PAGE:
Pandemic-induced shifts brought record low April CO2 emissions

Published on August 26, 2020 by Chris Galford

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As lockdowns and other pandemic-related changes swept the United States in April, the resulting mix of plummeting petroleum consumption and residential-shifting electricity consumption saw carbon dioxide emissions reach their lowest point in more than 45 years.

This news comes from the U.S. Energy Information Administration, which released its latest Monthly Energy Review last week. That report found that petroleum and coal-supplied CO2 emissions both hit their lowest point on record since 1973. Of fossil fuels, only natural gas continued largely unabated, despite consumption-caused emissions dropping 17 percent. At the same time, emissions from natural gas rose in April by 22 percent against the previous year, which the EIA attributed to the gained market share for natural gas-fired power plants.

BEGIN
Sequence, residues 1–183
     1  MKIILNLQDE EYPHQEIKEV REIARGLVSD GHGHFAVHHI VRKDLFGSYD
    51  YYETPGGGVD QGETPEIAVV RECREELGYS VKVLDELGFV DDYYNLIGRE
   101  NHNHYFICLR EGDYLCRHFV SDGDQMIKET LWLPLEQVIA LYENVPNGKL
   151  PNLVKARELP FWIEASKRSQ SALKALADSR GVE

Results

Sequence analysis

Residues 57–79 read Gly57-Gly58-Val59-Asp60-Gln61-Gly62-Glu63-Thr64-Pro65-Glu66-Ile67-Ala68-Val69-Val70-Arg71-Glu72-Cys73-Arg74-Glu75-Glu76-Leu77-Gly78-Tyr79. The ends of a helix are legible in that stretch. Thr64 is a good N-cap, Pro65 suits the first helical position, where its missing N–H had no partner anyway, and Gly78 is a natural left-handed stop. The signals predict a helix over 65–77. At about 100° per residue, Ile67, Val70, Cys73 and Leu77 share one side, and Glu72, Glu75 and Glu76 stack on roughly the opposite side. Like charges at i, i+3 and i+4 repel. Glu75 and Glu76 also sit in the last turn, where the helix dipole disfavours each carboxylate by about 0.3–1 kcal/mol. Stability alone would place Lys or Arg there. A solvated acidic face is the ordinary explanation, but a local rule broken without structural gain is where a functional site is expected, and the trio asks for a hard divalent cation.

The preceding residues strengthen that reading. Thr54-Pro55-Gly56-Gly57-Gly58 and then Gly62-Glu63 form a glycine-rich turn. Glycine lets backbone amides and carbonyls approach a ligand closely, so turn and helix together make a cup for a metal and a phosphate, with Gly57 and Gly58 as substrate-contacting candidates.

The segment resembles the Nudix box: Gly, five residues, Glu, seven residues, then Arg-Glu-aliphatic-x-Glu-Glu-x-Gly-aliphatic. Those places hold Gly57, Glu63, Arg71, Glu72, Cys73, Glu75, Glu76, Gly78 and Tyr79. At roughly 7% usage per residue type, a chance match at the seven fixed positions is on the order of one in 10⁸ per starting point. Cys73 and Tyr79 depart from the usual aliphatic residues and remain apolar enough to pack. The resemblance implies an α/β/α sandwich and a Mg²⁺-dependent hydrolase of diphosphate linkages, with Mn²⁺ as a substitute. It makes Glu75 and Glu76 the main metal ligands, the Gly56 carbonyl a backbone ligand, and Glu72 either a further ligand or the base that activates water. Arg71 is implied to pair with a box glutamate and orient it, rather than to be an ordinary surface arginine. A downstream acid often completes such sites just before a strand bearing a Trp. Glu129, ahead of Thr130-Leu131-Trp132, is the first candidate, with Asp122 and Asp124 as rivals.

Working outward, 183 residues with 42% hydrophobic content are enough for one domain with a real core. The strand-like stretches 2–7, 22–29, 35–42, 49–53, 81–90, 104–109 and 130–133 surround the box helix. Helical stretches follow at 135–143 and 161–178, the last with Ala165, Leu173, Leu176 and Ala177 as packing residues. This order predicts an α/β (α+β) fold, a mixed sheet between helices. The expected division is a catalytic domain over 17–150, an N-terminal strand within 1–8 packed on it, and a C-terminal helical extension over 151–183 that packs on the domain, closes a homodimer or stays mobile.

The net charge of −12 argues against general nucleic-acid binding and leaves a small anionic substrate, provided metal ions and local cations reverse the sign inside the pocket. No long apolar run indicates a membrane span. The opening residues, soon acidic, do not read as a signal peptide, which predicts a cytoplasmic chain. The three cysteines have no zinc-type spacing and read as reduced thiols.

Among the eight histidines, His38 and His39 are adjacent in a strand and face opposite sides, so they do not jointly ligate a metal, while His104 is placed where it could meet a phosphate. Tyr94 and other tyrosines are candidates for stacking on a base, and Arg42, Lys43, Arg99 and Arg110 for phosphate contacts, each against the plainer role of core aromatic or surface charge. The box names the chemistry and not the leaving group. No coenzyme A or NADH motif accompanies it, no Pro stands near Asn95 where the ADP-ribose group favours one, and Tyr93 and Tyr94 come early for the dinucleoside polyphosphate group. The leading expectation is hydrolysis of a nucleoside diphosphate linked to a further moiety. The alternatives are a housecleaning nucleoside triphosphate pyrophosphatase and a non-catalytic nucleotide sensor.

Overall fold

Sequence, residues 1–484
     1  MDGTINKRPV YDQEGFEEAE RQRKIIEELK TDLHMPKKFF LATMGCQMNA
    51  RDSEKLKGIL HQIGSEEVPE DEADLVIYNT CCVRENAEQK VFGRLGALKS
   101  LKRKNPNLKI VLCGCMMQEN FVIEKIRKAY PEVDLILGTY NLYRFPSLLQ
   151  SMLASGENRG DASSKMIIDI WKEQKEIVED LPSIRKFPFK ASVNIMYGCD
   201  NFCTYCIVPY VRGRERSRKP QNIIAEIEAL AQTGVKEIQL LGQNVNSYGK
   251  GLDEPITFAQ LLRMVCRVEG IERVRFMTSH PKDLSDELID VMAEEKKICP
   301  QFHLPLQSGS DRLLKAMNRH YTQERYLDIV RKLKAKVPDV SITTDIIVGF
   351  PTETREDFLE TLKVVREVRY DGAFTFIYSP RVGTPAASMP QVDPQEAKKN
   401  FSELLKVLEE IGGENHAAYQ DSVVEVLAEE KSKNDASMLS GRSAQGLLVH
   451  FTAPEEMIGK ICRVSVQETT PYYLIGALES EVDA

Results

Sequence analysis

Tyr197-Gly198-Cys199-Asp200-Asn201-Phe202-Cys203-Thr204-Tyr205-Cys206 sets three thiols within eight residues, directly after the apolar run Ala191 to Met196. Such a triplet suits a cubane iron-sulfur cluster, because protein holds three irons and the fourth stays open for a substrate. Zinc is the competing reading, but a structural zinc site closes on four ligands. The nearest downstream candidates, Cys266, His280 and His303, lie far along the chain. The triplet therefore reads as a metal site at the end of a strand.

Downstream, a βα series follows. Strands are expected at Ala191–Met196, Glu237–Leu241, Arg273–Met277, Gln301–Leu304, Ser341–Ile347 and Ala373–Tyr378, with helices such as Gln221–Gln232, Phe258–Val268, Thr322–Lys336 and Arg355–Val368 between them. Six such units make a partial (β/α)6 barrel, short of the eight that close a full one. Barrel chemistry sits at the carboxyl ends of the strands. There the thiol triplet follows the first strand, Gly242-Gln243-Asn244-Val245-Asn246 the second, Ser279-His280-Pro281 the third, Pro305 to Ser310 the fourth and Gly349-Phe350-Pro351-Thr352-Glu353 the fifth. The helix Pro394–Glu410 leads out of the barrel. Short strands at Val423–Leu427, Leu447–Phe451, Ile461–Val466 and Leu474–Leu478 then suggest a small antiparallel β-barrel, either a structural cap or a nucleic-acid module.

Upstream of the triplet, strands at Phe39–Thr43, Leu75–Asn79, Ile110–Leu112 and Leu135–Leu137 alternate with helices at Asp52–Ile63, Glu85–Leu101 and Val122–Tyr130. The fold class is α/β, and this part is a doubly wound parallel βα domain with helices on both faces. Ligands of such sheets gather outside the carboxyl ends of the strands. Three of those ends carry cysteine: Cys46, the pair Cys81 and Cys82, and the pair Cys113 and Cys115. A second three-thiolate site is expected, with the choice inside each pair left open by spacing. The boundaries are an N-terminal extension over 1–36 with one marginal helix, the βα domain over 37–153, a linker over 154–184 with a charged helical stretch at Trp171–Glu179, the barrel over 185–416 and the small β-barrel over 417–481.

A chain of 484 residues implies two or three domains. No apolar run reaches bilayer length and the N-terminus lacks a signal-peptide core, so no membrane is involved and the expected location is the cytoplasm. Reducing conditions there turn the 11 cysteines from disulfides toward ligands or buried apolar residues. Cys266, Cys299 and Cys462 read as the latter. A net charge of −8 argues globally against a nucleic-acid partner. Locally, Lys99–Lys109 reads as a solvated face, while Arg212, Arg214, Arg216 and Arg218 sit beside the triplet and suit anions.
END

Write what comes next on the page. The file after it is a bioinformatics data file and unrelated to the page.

Stack this against CO2 emissions from petroleum and coal consumption, which fell 25 percent and 16 percent, respectively. Unsurprisingly, much of the drop can be connected to the transportation sector, which was heavily impacted by the travel restrictions in place throughout much of April.

Petroleum largely contributes to motor gasoline and jet fuel. Motor gasoline consumption accounted for 57 percent of emissions from the transportation sector in 2019. It fell to a record low in April, along with jet fuel emissions, which accounted for 13 percent of transportation sector emissions in 2019. Coal, on the other hand, took extra hits due to the large scale retirement or replacement of its facilities by other types of power generation, especially natural gas.

With all this in mind, the EIA estimated for its latest Short-Term Energy Outlook that CO2 emissions reached their lowest point in April, but will likely gradually increase over the rest of the year. Overall, though, they should remain about 11 percent lower than their 2019 levels, and probably will remain somewhat lower even in 2021.